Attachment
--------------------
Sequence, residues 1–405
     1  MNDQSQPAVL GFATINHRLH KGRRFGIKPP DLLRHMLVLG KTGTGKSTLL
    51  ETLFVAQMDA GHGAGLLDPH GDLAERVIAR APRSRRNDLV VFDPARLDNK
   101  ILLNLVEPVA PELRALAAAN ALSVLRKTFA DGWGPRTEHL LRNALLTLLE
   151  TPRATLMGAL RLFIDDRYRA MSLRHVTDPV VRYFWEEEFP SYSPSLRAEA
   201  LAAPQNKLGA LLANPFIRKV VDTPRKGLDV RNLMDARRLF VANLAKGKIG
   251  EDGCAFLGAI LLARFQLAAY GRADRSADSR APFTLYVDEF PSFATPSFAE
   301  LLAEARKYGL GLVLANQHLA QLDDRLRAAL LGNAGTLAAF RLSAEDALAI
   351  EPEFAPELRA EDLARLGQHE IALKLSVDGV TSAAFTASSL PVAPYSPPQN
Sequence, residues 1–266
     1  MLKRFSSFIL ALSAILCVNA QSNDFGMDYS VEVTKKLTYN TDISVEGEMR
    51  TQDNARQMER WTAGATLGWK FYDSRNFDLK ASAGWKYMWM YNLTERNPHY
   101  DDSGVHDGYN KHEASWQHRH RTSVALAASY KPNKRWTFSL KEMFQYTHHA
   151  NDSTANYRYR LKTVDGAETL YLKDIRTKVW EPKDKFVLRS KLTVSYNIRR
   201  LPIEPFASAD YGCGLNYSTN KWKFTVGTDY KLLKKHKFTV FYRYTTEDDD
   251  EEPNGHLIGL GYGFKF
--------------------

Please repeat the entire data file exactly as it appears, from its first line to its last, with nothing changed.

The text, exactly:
Sequence, residues 1–405
     1  MNDQSQPAVL GFATINHRLH KGRRFGIKPP DLLRHMLVLG KTGTGKSTLL
    51  ETLFVAQMDA GHGAGLLDPH GDLAERVIAR APRSRRNDLV VFDPARLDNK
   101  ILLNLVEPVA PELRALAAAN ALSVLRKTFA DGWGPRTEHL LRNALLTLLE
   151  TPRATLMGAL RLFIDDRYRA MSLRHVTDPV VRYFWEEEFP SYSPSLRAEA
   201  LAAPQNKLGA LLANPFIRKV VDTPRKGLDV RNLMDARRLF VANLAKGKIG
   251  EDGCAFLGAI LLARFQLAAY GRADRSADSR APFTLYVDEF PSFATPSFAE
   301  LLAEARKYGL GLVLANQHLA QLDDRLRAAL LGNAGTLAAF RLSAEDALAI
   351  EPEFAPELRA EDLARLGQHE IALKLSVDGV TSAAFTASSL PVAPYSPPQN
Sequence, residues 1–266
     1  MLKRFSSFIL ALSAILCVNA QSNDFGMDYS VEVTKKLTYN TDISVEGEMR
    51  TQDNARQMER WTAGATLGWK FYDSRNFDLK ASAGWKYMWM YNLTERNPHY
   101  DDSGVHDGYN KHEASWQHRH RTSVALAASY KPNKRWTFSL KEMFQYTHHA
   151  NDSTANYRYR LKTVDGAETL YLKDIRTKVW EPKDKFVLRS KLTVSYNIRR
   201  LPIEPFASAD YGCGLNYSTN KWKFTVGTDY KLLKKHKFTV FYRYTTEDDD
   251  EEPNGHLIGL GYGFKF